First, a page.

Energy homeostasis

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In biology, energy homeostasis, or energy balance, are an aspect of bioenergetics concerning the energy flow through living systems, by metabolism.[1] Energy homeostasis involves the human body using chemical and neural signals to adjust the amount of energy flows; and to regulate caloric intake by signaling the brain to regulate the sensation of hunger. Fifty percent of the energy from glucose metabolism is immediately converted to heat.[2]

Definition[edit]

In the US, biological energy is expressed using the energy unit Calorie with a capital C (i.e. kilocalorie), which equals the energy needed to increase the temperature of 1 kilogram of water by 1 °C (about 4.18 kJ).[citation needed]

Energy balance, through biosynthetic reactions, can be measured with the following equation:

Energy intake (food) = Energy expended (heat + work) + Energy stored.[1]

The first law of thermodynamics states that energy can be neither created nor destroyed. But energy can be converted from one form of energy to another. So when a calorie of food eaten enters a body, ultimately 100% of that calorie will be converted to heat, resulting in three particular short-term effects: a portion of that calorie is either stored as fat, transferred to the body's cells as chemical energy, by Adenosine triphosphate (ATP), a coenzyme and used for mechanical work or chemical synthesis, or immediately dissipated through heat.[2]

Energy[edit]

Intake[edit]

Energy intake is calories consumed as food, which is determined by hunger (hypothalamus) and choice (cerebral cortex). Hunger is determined by the impact of the hormones leptin and ghrelin on the hypothalamus.[citation needed]

Expenditure[edit]

Further information: Caloric deficit

Energy expenditure is mainly a sum of internal heat produced and external work. The internal heat produced is, in turn, mainly a sum of basal metabolic rate (BMR) and the thermic effect of food. External work may be estimated by measuring the physical activity level (PAL).[citation needed]

Imbalance[edit]

Further information: Nutrition disorder

Positive balance[edit]

A positive balance is a result of energy intake being higher than what is consumed in external work and other bodily means of energy expenditure.[citation needed]

The main preventable causes are:

A positive balance results in energy being stored as fat and/or muscle, causing weight gain. In time, overweight and obesity may develop, with resultant complications.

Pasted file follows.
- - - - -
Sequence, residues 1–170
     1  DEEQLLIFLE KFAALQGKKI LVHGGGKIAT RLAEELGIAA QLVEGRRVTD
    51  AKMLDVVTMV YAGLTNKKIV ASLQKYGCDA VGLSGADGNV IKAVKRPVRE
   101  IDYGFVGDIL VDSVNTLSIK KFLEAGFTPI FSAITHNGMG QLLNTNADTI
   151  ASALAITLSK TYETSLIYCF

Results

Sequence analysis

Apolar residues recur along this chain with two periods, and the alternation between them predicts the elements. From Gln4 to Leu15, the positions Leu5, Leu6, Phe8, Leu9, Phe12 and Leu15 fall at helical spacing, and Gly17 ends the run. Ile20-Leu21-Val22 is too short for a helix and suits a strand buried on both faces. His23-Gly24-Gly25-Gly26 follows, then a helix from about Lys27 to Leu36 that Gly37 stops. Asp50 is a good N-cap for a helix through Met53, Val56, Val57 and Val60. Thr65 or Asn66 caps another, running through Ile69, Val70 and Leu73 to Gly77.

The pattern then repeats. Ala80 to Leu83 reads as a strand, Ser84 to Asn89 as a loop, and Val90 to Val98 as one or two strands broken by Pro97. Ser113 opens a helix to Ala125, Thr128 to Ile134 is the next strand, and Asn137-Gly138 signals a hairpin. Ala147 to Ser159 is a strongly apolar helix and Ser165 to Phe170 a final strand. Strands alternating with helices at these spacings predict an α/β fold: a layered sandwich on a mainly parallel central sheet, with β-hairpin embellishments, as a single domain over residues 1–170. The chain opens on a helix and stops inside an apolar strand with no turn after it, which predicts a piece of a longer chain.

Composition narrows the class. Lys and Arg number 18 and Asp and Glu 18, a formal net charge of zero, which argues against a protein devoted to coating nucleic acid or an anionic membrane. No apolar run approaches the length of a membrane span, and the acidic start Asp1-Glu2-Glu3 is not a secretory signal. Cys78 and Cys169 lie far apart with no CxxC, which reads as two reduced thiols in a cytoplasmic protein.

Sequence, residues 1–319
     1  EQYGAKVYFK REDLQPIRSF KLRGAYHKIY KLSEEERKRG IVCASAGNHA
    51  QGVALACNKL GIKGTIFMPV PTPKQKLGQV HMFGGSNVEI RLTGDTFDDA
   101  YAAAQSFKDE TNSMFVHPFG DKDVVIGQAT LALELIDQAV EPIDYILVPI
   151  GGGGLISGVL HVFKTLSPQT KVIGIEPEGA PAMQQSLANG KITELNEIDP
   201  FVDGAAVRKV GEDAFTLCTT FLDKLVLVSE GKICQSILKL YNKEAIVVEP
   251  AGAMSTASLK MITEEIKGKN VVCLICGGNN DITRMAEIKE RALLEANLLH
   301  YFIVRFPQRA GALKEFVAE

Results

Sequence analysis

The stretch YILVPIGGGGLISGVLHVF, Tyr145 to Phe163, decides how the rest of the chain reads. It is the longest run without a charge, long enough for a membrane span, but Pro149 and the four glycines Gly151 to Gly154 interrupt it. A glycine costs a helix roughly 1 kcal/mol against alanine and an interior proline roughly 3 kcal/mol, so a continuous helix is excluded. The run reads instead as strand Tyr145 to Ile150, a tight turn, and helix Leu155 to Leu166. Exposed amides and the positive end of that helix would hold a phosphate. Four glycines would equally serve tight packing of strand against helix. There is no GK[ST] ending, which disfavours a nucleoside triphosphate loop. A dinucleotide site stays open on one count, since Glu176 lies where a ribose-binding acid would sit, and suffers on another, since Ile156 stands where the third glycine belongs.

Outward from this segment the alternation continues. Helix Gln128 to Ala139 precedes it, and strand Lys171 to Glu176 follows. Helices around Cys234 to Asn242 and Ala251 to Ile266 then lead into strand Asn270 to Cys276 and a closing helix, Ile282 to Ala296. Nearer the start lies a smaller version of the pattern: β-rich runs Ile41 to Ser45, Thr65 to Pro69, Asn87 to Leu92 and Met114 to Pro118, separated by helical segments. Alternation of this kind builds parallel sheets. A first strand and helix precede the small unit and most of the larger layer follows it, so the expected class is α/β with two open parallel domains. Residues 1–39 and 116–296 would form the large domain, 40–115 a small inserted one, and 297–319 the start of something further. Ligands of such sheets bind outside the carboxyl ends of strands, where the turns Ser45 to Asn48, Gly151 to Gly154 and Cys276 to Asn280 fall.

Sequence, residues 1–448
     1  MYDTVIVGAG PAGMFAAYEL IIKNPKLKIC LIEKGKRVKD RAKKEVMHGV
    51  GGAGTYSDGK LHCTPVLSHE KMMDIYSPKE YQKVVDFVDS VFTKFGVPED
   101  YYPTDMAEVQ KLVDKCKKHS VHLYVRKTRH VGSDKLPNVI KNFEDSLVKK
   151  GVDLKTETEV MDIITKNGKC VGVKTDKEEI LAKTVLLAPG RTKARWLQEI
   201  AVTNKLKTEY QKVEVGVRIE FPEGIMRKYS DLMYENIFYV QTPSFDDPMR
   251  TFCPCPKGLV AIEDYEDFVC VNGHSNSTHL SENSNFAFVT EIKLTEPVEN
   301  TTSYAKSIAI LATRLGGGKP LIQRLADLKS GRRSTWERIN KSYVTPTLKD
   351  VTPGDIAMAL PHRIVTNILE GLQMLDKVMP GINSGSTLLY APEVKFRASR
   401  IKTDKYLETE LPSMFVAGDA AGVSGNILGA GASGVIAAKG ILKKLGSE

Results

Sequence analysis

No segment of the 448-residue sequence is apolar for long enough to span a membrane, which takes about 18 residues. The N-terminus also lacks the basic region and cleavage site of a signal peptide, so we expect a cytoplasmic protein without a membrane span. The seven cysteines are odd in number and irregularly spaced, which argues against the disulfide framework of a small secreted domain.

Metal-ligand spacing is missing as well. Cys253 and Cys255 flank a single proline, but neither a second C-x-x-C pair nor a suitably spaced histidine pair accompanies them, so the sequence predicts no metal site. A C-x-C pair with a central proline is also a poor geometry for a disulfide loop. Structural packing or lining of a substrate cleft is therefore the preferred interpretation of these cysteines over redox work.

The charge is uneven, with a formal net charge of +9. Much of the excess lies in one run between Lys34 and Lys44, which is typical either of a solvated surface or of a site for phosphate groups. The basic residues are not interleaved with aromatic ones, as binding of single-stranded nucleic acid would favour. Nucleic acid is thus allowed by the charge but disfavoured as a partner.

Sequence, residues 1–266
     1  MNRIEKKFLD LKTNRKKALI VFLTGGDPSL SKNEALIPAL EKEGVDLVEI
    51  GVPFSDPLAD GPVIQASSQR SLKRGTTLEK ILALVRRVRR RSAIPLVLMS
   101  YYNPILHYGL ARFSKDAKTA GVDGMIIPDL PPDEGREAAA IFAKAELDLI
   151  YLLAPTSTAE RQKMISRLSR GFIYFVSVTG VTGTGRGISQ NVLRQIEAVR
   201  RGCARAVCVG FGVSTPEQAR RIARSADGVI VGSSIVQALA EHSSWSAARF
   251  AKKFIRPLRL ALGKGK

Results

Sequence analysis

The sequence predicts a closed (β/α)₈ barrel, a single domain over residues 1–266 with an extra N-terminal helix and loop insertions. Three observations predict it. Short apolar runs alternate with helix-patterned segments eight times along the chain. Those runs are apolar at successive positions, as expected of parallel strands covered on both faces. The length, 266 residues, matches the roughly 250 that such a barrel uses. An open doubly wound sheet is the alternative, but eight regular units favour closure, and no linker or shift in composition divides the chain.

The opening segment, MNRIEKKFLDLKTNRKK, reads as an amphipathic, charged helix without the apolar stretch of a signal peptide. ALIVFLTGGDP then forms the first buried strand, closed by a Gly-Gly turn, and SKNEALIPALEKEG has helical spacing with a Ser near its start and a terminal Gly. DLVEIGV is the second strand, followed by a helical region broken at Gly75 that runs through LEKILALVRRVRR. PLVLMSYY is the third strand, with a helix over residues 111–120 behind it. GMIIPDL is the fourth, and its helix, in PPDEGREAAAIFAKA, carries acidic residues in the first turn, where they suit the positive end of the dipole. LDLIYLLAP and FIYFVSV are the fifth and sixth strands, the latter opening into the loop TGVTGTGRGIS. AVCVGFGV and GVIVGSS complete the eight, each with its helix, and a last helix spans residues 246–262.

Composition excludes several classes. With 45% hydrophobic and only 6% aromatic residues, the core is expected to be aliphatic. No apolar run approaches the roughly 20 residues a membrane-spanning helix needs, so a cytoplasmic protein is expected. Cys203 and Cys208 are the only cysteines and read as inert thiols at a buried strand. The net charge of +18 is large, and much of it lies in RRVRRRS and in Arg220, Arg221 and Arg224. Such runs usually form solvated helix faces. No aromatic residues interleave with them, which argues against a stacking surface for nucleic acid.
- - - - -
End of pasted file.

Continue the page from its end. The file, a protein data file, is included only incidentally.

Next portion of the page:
Negative balance[edit]

A negative balance is a result of energy intake being less than what is consumed in external work and other bodily means of energy expenditure.

The main cause is undereating due to a medical condition such as decreased appetite, anorexia nervosa, digestive disease, or due to some circumstance such as fasting or lack of access to food

Requirement[edit]

Normal energy requirement, and therefore normal energy intake, depends mainly on age, sex and physical activity level (PAL). The Food and Agriculture Organization (FAO) of the United Nations has compiled a detailed report on human energy requirements: Human energy requirements (Rome, 17–24 October 2001) An older but commonly used and fairly accurate method is the Harris-Benedict equation.

Yet, there are currently ongoing studies to show if calorie restriction to below normal values have beneficial effects, and even though they are showing positive indications in primates[3][4] it is still not certain if calorie restriction has a positive effect on longevity for primates and humans.[3][4] Calorie restriction may be viewed as attaining energy balance at a lower intake and expenditure, and is, in this sense, not generally an energy imbalance, except for an initial imbalance where decreased expenditure hasn't yet matched the decreased intake.

See also[edit]

References[edit]

  1. ^ a b Keith N. Frayn (2013). Metabolic Regulation: A Human Perspective. John Wiley & Sons. ISBN 1118685334. 
  2. ^ a b Kevin G. Murphy & Stephen R. Bloom (December 14, 2006). "Gut hormones and the regulation of energy homeostasis" 444. Nature. pp. 854–859. doi:10.1038/nature05484. 
  3. ^ a b Anderson RM, Shanmuganayagam D, Weindruch R (2009). "Caloric restriction and aging: studies in mice and monkeys". Toxicol Pathol 37 (1): 47–51. doi:10.1177/0192623308329476. PMID 19075044. 
  4. ^ a b Rezzi S, Martin FP, Shanmuganayagam D, Colman RJ, Nicholson JK, Weindruch R (May 2009). "Metabolic shifts due to long-term caloric restriction revealed in nonhuman primates". Exp. Gerontol. 44 (5): 356–62. doi:10.1016/j.exger.2009.02.008. PMC 2822382. PMID 19264119. 

External links[edit]